Clickbait and viral marketing: the language of advertising

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by Liz Walter

These days, most of us are targeted by adverts pretty much constantly, sometimes in obvious ways and sometimes more subtly. This post looks at the language around a phenomenon that many people would say is out of control. Continue reading “Clickbait and viral marketing: the language of advertising”

They gave him the cold shoulder: Idiomatic phrases with ‘cold’.

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by Liz Walter

Last month I looked at phrases containing the word ‘hot’, and this month I am looking at the opposite: phrases containing the word ‘cold’. Whereas ‘hot’ phrases are mostly concerned either with very good things or with strong emotions, ‘cold’ phrases are usually negative. We often use them to describe fear, unfriendliness or lack of emotion. Continue reading “They gave him the cold shoulder: Idiomatic phrases with ‘cold’.”

Give yourself a pat on the back! (The language of praising)

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by Kate Woodford

I thought our About Words readers might enjoy a positive post this week, so today I’m focusing on the language of praise – saying nice, positive things about someone or something. We’re looking at single words and phrases and, as ever, focusing on the sort of language that is in use now. Continue reading “Give yourself a pat on the back! (The language of praising)”

Christmas phrases

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by Kate Woodford

It’s Christmas! At Cambridge Dictionary, we like to get into the Christmas spirit so today, we’re bringing you festive phrases with a round-up of idioms that contain a word that we often associate with Christmas. Continue reading “Christmas phrases”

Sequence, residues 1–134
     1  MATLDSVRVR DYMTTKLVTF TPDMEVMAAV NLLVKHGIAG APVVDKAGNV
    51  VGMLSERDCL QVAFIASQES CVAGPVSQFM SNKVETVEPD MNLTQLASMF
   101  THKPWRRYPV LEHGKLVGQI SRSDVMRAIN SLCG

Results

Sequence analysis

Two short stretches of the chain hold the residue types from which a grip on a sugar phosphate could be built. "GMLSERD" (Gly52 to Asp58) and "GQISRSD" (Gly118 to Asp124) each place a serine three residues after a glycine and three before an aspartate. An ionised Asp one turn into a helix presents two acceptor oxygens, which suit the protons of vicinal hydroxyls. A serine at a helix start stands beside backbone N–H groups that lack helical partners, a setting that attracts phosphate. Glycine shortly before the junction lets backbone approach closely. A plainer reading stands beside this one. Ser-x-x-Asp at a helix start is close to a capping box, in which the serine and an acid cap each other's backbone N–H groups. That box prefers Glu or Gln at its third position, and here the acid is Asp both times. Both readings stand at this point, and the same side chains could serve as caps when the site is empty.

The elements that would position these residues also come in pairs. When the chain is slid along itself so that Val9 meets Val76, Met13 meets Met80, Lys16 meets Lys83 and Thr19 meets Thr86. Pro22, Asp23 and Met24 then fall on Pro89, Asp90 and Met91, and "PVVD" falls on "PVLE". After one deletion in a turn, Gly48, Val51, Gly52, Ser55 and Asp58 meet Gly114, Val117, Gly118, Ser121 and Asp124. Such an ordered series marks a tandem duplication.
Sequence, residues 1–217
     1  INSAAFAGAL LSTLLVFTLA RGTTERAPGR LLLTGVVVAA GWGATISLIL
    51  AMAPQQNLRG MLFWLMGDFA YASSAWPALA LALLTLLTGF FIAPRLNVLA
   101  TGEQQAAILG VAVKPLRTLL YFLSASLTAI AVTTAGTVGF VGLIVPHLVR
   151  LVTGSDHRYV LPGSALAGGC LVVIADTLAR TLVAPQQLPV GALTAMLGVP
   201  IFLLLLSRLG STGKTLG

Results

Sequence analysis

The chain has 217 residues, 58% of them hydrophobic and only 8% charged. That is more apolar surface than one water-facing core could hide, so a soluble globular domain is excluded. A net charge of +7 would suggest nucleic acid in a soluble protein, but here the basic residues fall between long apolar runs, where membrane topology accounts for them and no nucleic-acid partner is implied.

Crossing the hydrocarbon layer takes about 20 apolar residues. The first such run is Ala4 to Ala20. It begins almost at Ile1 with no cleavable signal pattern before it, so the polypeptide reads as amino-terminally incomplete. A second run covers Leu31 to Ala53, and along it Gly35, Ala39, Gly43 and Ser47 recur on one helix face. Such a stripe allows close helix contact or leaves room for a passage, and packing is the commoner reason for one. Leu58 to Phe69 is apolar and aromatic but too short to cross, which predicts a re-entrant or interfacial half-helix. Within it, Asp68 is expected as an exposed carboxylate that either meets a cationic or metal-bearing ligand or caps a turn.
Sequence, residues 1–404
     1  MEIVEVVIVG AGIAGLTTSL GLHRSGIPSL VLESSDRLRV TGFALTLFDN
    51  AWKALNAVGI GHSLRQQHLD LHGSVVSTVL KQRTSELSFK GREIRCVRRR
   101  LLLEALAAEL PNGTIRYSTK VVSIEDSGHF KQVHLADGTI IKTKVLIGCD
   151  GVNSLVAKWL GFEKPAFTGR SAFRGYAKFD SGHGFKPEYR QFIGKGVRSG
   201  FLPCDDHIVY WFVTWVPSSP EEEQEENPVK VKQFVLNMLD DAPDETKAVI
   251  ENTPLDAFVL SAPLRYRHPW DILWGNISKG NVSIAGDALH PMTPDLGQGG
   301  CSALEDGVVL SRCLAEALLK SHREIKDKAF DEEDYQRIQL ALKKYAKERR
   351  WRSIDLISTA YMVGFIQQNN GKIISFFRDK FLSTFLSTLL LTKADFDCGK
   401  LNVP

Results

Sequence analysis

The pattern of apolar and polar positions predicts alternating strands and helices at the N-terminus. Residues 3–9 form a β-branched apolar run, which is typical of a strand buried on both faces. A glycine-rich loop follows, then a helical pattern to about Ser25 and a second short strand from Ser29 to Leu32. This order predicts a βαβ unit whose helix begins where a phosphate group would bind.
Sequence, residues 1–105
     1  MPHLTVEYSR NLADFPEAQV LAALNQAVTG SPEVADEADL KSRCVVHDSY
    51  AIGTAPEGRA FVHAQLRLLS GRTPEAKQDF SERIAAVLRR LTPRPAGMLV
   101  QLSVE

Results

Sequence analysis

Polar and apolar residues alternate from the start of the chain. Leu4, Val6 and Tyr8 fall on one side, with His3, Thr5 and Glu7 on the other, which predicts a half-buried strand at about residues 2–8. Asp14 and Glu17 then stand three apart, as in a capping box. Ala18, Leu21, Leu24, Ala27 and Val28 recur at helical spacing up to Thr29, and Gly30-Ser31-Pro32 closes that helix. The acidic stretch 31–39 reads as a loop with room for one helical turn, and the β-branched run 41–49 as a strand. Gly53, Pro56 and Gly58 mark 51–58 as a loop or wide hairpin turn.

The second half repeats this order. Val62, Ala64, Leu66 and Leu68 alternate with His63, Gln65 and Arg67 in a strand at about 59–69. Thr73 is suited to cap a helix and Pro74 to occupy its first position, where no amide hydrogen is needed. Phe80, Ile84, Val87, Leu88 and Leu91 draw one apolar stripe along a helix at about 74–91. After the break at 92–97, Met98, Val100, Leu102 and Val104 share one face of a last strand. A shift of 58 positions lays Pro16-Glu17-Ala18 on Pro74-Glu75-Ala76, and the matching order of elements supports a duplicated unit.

A frog in my throat: talking about voices

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by Liz Walter

The way someone speaks is very important, and often gives an indication of their character. It is therefore not surprising that we have a lot of words to describe the tone and timbre of voices. Continue reading “A frog in my throat: talking about voices”

Learning Synonyms

by Kate Woodford

Many of our About Words blog posts aim to provide our readers with a range of interesting words and phrases for saying the same or a similar thing.  We’re talking, of course, about synonyms – or near-synonyms. This week, we’re still focusing on this approach to vocabulary expansion but we’re looking at the way that Cambridge Dictionary +Plus can help with the process. Continue reading “Learning Synonyms”

When disaster strikes: ways of describing bad events

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by Liz Walter

First, apologies for the gloomy subject! However, we can’t read the news without being aware of terrible things that happen in the world, and there is a rich selection of vocabulary to describe them, including some nice collocations. Continue reading “When disaster strikes: ways of describing bad events”

Comical and hysterical (Words that mean funny)

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by Kate Woodford

‘A day without laughter is a day wasted,’ said Charlie Chaplin, the comic actor and filmmaker. Whether or not you agree with him, you’ll almost certainly want to describe, in English, things that are funny. In this week’s post, we’ll provide you with a range of words to help you do just that. Continue reading “Comical and hysterical (Words that mean funny)”

See you on the march! (The language of protests)

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by Kate Woodford

On September 20th, four million people across the globe expressed their concern and anger about climate change by demonstrating (=gathering or walking in a public place to show their opinion). We thought this a good time to look at the language of demonstrating.

First up, the verb protest is a synonym for ‘demonstrate’: Employees are protesting against the cuts. In US English especially, ‘protest’ is often used transitively: Students protested the laws. A phrase that is frequently used, especially in newspapers, to mean ‘protest’ is take to the streets: Millions took to the streets in the largest environmental protest in history. Continue reading “See you on the march! (The language of protests)”

Flaring up or bubbling over? Phrasal verbs to express emotions, part 2.

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by Liz Walter

My last post was about phrasal verbs and prepositional verbs connected to sadness and happiness. This post will look at some other emotions.

Let’s start with anger. If someone suddenly becomes angry, we can say that they flare up. Blow up is similar and often describes an even angrier outburst. We use the preposition at if that anger is directed at a particular person: Continue reading “Flaring up or bubbling over? Phrasal verbs to express emotions, part 2.”